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Report: Next-gen BMW M3, M4 to go hybrid

Report: Next-gen BMW M3, M4 to go hybrid image

Text: Marcus De Guzman / Photos: BMW | posted August 18, 2015 12:18

Hybrid tech to power future BMW M3, M4 models

With most car companies today making the most out of small capacity engines with turbochargers and energy-saving hardware, BMW appears to be preparing for the next big change for the 3-Series (along with the new 4-Series) as the company will reportedly make the next-gen M3 a plug-in hybrid electric vehicle.

According to The Detroit Bureau, senior company officials stated that they learned new ideas from the BMW i sub-brand that spawned such cars like the all-electric i3 and the i8 hybrid sports car. One company official also stated that they were unsure at first on how to merge BMW performance with hybrid tech. But as time went on, the possibility of a high-performance hybrid M car may is more feasible today.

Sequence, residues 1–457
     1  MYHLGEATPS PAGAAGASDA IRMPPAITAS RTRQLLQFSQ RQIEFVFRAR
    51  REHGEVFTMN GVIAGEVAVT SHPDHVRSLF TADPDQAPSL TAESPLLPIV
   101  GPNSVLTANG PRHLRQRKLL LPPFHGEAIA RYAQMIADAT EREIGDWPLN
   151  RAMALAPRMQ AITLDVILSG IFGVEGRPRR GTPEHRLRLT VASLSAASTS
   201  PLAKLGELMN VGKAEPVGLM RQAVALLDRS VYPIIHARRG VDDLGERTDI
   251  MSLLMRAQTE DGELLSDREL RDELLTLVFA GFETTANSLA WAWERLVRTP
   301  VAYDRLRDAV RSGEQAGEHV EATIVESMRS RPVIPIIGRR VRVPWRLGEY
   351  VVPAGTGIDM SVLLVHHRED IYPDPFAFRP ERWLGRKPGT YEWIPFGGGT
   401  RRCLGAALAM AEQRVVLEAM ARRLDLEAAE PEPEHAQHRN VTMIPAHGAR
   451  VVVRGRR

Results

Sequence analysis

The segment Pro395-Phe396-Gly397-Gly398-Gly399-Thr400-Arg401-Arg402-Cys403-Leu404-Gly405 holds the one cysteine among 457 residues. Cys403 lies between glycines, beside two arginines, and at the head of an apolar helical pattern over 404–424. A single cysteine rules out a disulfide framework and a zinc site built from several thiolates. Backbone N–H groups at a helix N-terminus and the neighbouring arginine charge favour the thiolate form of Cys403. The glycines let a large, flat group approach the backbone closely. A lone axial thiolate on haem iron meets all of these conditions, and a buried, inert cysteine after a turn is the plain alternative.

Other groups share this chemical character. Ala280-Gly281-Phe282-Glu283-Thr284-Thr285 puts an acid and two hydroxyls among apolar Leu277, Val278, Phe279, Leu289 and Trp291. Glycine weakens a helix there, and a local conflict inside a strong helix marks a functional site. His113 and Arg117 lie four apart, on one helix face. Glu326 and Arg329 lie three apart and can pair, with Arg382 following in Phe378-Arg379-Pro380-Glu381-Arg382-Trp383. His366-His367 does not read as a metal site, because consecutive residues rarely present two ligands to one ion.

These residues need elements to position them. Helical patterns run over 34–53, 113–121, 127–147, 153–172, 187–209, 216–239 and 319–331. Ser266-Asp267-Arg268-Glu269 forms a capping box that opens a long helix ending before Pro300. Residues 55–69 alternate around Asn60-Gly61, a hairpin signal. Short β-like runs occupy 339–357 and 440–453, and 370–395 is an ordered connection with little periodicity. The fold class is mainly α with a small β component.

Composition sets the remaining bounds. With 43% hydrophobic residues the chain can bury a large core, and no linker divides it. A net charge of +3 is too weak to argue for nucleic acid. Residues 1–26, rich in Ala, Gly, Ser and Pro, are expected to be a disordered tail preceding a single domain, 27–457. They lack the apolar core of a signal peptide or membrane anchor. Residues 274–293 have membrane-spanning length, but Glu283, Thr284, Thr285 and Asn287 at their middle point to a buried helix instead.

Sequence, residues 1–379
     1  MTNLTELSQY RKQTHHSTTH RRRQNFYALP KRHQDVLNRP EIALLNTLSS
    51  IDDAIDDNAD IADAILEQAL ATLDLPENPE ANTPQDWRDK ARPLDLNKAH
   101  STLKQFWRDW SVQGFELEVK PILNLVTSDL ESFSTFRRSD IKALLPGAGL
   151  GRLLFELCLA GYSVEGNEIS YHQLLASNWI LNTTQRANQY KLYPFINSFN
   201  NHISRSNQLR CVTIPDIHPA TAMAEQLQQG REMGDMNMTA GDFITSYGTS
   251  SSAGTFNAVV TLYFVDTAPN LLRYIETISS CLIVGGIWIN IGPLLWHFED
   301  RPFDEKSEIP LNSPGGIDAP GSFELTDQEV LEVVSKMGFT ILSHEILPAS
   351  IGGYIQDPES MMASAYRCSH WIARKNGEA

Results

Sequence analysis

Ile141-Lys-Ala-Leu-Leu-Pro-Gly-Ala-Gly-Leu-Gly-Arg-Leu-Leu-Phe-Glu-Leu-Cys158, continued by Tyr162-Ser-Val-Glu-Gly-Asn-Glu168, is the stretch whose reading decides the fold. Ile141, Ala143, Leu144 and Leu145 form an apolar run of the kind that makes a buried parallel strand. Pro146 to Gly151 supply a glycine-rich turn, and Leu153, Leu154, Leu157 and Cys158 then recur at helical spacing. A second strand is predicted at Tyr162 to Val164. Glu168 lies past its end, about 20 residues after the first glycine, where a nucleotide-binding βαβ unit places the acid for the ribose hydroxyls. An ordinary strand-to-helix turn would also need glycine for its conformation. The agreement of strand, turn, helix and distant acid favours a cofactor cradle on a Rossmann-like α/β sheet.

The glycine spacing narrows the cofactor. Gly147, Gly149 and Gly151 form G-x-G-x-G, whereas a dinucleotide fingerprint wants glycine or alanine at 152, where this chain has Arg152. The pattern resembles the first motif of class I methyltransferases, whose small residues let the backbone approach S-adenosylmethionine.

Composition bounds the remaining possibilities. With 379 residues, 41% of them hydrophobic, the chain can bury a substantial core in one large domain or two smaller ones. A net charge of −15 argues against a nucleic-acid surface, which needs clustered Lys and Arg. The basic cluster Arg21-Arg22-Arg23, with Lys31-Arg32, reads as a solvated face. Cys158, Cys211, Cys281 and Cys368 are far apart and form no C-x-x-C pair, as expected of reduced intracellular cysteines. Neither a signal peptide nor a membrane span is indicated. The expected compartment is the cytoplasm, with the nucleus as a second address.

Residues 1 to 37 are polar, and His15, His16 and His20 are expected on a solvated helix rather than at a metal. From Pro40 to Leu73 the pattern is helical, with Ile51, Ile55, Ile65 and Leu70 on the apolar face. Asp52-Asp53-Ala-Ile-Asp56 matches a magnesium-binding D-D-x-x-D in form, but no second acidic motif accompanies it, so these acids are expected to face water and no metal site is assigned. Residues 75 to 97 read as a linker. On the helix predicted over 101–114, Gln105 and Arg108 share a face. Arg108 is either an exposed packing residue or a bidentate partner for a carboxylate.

The company plans to add more power to the two nameplates while making it more environmentally-friendly to meet more stringent emission and fuel economy standards. Currently, the F80 M3 and F82 M4 are driven by a 3.0-liter TwinPower Turbo inline-six engine that delivers 431 PS and 550 Nm of torque to the rear wheels. If the planned hybrid configuration pulls through, it will reportedly get a 100 Nm increase in torque though the estimated horsepower rating was not revealed.

The BMW M4

In keeping with tradition, the proposed PHEV M3 will still be available in RWD but it can also be geared for AWD with the help of a front axle-mounted electric motor that will power the front wheels.

The senior officials however revealed that when it was first mentioned internally, most did not like the idea of making the M3 go hybrid as the added hardware will make for a heavier weight. But with lithium-ion batteries getting lighter and more compact, it will not put too much weight on the two cars.

And with their specialty in carbon fiber fabrication, the company may also use the lightweight material in making the frame, chassis and body panels in order to offset the additional weight.

Source: The Detroit Bureau